- Research note
- Open Access
Murine Gbp1 and Gbp2 are ubiquitinated independent of Toxoplasma gondii infection
BMC Research Notesvolume 11, Article number: 166 (2018)
The intracellular parasite Toxoplasma gondii can invade any nucleated cell residing inside a parasitophorous vacuole (PV). Upon infection, the cytokine interferon gamma (IFNγ) is produced and elicits host defence mechanisms able to recognise the PV and destroy the parasite. Hereby, Guanylate binding proteins, ubiquitin and the E3 ubiquitin ligases Tripartite Motif Containing 21 (TRIM21) and TNF receptor associated factor 6 are targeted to the murine PV leading to its destruction. This study is the side product of research aiming to identify ubiquitinated substrates in a TRIM21-dependent fashion in murine cells infected with Toxoplasma.
We infected IFNγ-stimulated murine embryonic fibroblasts (MEFs) from either C57BL/6×129 wild-type (WT) mice or C57BL/6 TRIM21−/− mice with Toxoplasma. Using mass spectrometry, we analysed proteins in both cell backgrounds presenting with the di-glycine remnant of ubiquitination. In addition, we compared peptide levels between WT and TRIM21−/− cells. In line with earlier reports, Gbp1 was expressed to higher levels in the C57BL/6×129 WT MEFs compared to the C57BL/6-only background TRIM21−/− MEFs. Protein expression differences in these different murine backgrounds thus precluded identification of TRIM21-dependent ubiquitinated substrates. Nevertheless, we identified and confirmed Gbp1 and Gbp2 as being ubiquitinated in a Toxoplasma-infection independent manner.
Toxoplasma gondii is an apicomplexan parasite capable of infecting all warm-blooded animals. Felines are the definitive host of the parasite enabling sexual recombination, while mice present a natural intermediate host. Global human infection rates are 30% . Immunocompetent people control the infection, however, Toxoplasma can cause congenital abnormalities, ocular disease and health problems in the immunocompromised .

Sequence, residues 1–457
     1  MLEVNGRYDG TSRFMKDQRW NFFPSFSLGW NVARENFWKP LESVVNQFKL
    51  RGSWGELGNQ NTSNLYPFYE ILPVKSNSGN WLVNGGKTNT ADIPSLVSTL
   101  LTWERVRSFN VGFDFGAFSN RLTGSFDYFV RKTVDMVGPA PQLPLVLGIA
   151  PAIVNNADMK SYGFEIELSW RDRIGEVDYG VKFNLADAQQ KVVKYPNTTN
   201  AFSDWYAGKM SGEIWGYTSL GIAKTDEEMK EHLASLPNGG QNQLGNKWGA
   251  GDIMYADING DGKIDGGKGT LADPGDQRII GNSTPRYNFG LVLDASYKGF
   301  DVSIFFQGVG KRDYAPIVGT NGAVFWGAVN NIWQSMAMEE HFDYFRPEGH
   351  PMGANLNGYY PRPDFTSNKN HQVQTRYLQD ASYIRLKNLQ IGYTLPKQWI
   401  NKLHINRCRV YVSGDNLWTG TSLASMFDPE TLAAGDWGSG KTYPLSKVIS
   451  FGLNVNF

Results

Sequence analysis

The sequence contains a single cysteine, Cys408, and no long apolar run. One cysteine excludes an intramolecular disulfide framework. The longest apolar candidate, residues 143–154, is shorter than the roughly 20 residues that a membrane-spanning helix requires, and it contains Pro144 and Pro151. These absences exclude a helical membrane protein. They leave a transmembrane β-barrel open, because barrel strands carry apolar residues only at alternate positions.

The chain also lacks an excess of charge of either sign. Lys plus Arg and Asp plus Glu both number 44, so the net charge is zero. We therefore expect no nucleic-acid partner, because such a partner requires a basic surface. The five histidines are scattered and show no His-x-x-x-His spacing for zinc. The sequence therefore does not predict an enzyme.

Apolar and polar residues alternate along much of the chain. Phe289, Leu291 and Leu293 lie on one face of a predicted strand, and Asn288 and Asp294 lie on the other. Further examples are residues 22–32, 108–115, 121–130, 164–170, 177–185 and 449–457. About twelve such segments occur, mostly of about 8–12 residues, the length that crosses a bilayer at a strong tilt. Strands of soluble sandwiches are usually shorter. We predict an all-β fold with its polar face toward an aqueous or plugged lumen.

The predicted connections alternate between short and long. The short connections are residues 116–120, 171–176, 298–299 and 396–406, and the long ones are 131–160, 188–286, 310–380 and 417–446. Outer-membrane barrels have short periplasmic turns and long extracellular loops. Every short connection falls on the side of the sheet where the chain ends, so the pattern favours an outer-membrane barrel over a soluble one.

Toxoplasma invades any nucleated cell residing in a PV . The cytokine IFNγ is central in controlling Toxoplasma by highly upregulating host defence proteins, amongst them the Immunity Regulated GTPases (IRGs) and Gbps. Gbps are a class of 11 active large GTPases. Gbps disrupt the Toxoplasma PV membrane and expose the parasite to elimination by the host [4, 5]. Different Toxoplasma strains (e.g. type I, II and II are the North American and European strains) vary in their genomes and thus elicit divergent host responses. Gbps for example recognize type II and III PVs, but not type I PVs, a feature driven by Toxoplasma virulence factors .
IFNγ-dependent targeting of type II and III Toxoplasma PVs by ubiquitin in both mouse [7, 8] and human cells [9, 10] leads to Toxoplasma control. E3 ubiquitin ligases catalyse the transfer of a ubiquitin molecule from the E2 ubiquitin-conjugating enzyme onto the protein substrate . A proportion of the ubiquitin around Toxoplasma PVs in murine cells is deposited there by the E3s TRIM21 and TRAF6 [7, 8]. TRIM21 is critically important for survival of Toxoplasma infection in vivo and is linked to the production of cytokines and parasite clearance, as well as the levels of K63-linked ubiquitin around the PV . The ubiquitin/TRIM21/TRAF6 system targets the same vacuoles recognized by the Gbps, a process that is seeded by IRGs [7, 12].
Ubiquitinated protein substrates in murine or human cells infected with Toxoplasma gondii are unknown. The consequence of ubiquitination of host defence proteins could be manifold—these proteins could participate in immune-mediated signaling or be targets of pathogen defence strategies. Knowledge of these ubiquitinated substrates could lead to novel anti-Toxoplasma therapeutic strategies in humans. Since we currently do not know of any E3 ubiquitin ligase responsible for targeting the Toxoplasma PV in human cells, research along these lines is limited to murine systems.